A new state audit found that Josh Hawley, the former Missouri attorney general and now U.S. senator, inappropriately though not necessarily illegally mixed campaign activities with the duties of staffers in the attorney general’s office. That’s bad in any context, especially in the wake of President Donald Trump’s impeachment over abusing his office for political gain. Hawley, one of Trump’s most outspoken defenders, is spluttering protests over State Auditor Nicole Galloway’s findings.
We have to ask, however: Would Galloway apply to her own office the same high ethical standards she applies to Hawley and others? She chided Hawley in the audit released Thursday, citing state law prohibiting the use of state employees and resources to advance a political campaign or ballot measure. She outlined multiple instances in which Hawley crossed the line by having outside campaign consultants meet with his taxpayer-funded staffers to coordinate ways to boost Hawley’s public image ahead of his Senate run.
Weeks before Galloway announced her own campaign for governor last summer, she had her press secretary, Steph Deidrick, email an op-ed to this newspaper excoriating Gov. Mike Parson’s decision to sign a new law imposing draconian restrictions on abortion rights. It was our mistake to publish the op-ed before asking Deidrick what, exactly, do abortion rights have to do with Galloway’s official auditing duties. In fact, the topic has nothing to do with those duties but everything to do with Galloway’s effort to position herself on a key political issue just before announcing her gubernatorial campaign against Parson.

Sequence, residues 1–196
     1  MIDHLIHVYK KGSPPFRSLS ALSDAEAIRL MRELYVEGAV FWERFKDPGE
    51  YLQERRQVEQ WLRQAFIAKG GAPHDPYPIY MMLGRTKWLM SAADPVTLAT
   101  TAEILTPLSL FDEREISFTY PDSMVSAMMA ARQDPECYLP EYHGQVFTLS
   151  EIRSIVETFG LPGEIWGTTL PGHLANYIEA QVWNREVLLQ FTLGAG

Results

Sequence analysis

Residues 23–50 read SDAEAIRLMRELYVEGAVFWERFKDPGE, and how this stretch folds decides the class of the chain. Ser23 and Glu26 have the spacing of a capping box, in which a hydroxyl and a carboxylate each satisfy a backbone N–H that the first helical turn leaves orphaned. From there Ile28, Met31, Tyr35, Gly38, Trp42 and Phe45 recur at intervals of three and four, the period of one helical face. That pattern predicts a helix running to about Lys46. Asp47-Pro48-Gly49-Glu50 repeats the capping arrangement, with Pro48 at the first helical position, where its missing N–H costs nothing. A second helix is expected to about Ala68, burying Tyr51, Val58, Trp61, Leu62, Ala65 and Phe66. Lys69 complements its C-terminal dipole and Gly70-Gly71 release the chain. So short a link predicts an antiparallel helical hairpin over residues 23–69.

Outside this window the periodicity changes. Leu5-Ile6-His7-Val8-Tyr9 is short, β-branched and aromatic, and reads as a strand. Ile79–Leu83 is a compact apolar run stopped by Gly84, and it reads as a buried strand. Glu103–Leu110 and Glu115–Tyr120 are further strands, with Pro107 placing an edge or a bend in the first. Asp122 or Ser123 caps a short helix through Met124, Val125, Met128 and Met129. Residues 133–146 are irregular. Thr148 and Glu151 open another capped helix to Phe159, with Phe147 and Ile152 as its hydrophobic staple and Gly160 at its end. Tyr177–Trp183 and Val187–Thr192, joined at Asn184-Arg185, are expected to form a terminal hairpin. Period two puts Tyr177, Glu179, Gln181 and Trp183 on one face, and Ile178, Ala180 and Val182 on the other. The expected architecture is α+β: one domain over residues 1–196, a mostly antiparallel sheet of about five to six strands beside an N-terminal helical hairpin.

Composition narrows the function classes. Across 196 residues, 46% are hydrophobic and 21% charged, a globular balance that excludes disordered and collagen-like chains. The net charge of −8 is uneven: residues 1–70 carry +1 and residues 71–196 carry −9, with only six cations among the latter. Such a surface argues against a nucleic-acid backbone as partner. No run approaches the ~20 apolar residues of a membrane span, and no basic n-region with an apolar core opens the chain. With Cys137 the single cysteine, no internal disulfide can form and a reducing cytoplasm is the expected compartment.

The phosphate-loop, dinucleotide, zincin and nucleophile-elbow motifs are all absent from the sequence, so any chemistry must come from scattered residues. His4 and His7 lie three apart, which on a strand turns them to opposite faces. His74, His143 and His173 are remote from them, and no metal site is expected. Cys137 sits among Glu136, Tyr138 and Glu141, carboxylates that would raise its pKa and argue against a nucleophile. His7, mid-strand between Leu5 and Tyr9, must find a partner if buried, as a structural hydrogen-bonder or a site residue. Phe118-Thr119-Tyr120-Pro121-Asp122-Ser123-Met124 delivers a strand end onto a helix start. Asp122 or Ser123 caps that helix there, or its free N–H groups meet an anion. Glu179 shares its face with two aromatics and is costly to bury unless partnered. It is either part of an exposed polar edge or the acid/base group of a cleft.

The Galloway campaign’s Twitter account posts a link to that op-ed. Why did Galloway assign a state employee to use a state office and state email account for what was clearly a personal political mission? It might not be illegal, but it certainly doesn’t pass the smell test. Nor is it consistent with the laudably high standards Galloway sets when auditing other government offices and officials.
Galloway also failed to answer serious questions raised by an email that one of her staffers erroneously sent out before the release of the Hawley audit. In the email, audit manager Pamela Allison mentioned alterations of the audit to “beef up” one section while dropping another part. Was it an attempt to embellish portions to make Hawley’s infractions look even worse?
Galloway said at the time that she couldn’t discuss details of a pending audit. State law forbids it. But Thursday’s audit release should have freed her to clarify. Instead, Galloway attacked Hawley’s criticism of Allison as “unfair.” The audit says Allison’s email “is not evidence of a lack of objectivity, rather evidence that the audit team was appropriately evaluating audit evidence.”
That’s not good enough. If Galloway wants to continue as the standard bearer for ethics in government, she must be willing to turn the same uncomfortable magnifying glass of scrutiny on herself and her staff.
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